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Build and Drive This Adorable FPV Balance Bot. When you’re getting started in robotics, building a self-balancing bot is a rite of passage. Mine is called EddiePlus. He’s rechargeable, Wi-Fi-enabled, and remote controlled, and he’s an open source project, so anyone can build him in a weekend or two. He can even be navigated completely out of sight, for 1 hour of drive time, via an FPV (first-person view) camera.

I built my first Eddie just for fun and as an excuse to put my Intel Edison Compute Module to good use. A blast from the past: I was 10 years old back in the early 90’s. Now Eddie is back and he’s excited to show off his improvements. Eddie has Windows, iOS, and Python apps you can use to command him via Wi-Fi. Let’s build him! 1. Figure A Notice the arrow that I drew on the motor? Note: Be sure to install the encoders nice and flush with the bottom of the motor. 2. Figure B Now install the motors on the EddiePlus body using the printed motor mounts and M2×14mm hex screws or self-tapping screws. 3.

Figure C Figure D 4. Figure E 5. Build an Off-Road Raspberry Pi Robot: Part 2 | The source for Linux information. In the previous article, I showed how to do the initial build of our Mantis robot, featuring a RoboClaw motor controller board and a Raspberry Pi. Here, I’ll move on to attaching motors, connecting the RoboClaw to your Pi through a USB port, and supplying the RoboClaw with its own power source. The RoboClaw Controller The Roboclaw series of motor controller starts with a model that can control two motors at up to 7 amps each and ranges up to controlling two motors at 160 amps each with many models in between. I’ll be using the 45-amp model, which is available in two versions: one with pin heads for rotary encoders and the other with screw terminals for those connections.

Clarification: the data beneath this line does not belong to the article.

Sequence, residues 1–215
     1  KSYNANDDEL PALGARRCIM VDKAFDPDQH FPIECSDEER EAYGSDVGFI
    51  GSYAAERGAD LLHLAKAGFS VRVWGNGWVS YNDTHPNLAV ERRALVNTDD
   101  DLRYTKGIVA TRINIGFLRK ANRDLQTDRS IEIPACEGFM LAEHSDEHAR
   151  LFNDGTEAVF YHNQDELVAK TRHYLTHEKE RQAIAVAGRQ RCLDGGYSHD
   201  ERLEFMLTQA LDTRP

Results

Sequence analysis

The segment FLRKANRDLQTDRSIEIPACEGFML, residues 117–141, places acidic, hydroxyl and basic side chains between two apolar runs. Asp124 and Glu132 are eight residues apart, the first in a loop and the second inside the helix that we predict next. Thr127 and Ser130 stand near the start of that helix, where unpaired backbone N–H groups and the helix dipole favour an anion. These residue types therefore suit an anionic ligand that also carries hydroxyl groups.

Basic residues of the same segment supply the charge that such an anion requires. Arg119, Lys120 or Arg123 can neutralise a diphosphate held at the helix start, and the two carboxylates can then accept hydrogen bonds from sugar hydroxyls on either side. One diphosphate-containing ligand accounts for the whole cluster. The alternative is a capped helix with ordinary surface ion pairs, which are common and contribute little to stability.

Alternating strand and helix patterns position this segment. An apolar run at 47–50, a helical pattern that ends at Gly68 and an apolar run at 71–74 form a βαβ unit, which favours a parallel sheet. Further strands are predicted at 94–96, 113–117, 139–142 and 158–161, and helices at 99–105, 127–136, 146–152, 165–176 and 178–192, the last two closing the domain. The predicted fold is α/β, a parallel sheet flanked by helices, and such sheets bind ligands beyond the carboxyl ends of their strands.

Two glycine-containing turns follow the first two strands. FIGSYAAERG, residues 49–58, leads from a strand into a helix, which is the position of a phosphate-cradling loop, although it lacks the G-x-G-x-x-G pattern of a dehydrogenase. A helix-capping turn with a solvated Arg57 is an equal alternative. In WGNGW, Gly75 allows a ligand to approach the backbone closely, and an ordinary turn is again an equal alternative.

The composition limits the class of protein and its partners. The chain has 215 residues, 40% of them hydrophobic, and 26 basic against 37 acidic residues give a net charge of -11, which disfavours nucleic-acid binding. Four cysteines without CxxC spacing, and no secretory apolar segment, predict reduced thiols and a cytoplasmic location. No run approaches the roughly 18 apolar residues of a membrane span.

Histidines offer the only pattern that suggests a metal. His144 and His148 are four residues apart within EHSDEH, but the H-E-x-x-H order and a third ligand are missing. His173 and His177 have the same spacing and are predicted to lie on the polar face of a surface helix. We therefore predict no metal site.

Attaching Motors You might be wondering how the motors on the Mantis will be driven using a motor controller that has two outputs. In the course of this build, I clarified some things with ON Motion Control (ionmc) who make the RoboClaw board. Never leave an electric motor in a stalled state. Pi@pi ~/src/roboclaw $ . Complete Motor guide for Robotics - All. The home of Scrum > Home. Build an Adorable Wobble Bot from Upcycled Cans. 7 Tutorials To Start Working With Kinect and Arduino. Sometimes is hard to find what you need especially when you’re interested to build a robot based on Kinect sensor. In this article, we explore seven best tutorials from where you can learn how to interface the Arduino board with the Kinect 3D sensor in order to control a car, a helicopter, or actuators.

The Microsoft Kinect sensor has an affordable price and this is a critical criterion in the context of DIY robots. More expensive sensors may be used for better data, but up to a point the Kinect does a great job. Using Kinect with Arduino is perhaps the best option to control the robots using gesture or to scan the environment. Fueling a revolution in robotics, the Kinect sensor is not just a simple device used by gamers to interact using the movement of the hands, this is a tool used in robotics for scanning and control. Since 2010 when the Kinect was released, the sensor was used in a wide range of service and industrial applications. Multiplo | Doc Center. Here you can explore the Open Source Parts Library, make your own designs of Multiplo-compatible parts, and join to a growing community of users and developers: Multiplo Design Kit clic here to download Assembly Guides: N8.Octogonal.Assembly.en.20120831 N8.ThreeWheeled.Assembly.en.20120831 StarterKit.Octo.Assembly.en.20121015 N8.Mini.v1.0.20131118 BuildingKit.Gripper.Assembly.en.20120927 Multiplo.N6.ES.20120608 Basic robotic information: robotics_made_easy_20120713 MiniBloq information: Minibloq – Manual de uso básico (español) Minibloq – Manual de uso intermedio – Sensores LDR e IR (español) Minibloq.v0.8.Beta.UserManual.20120125 Tutorials about how to use Multiplo: tutorial_starter_01_20120716 (out of date because now we removed the snap links) tutorial_starter_02_20120716 tutorial_starter_03_20120716 tutorial_starter_04_20120716 tutorial_starter_05_20120716.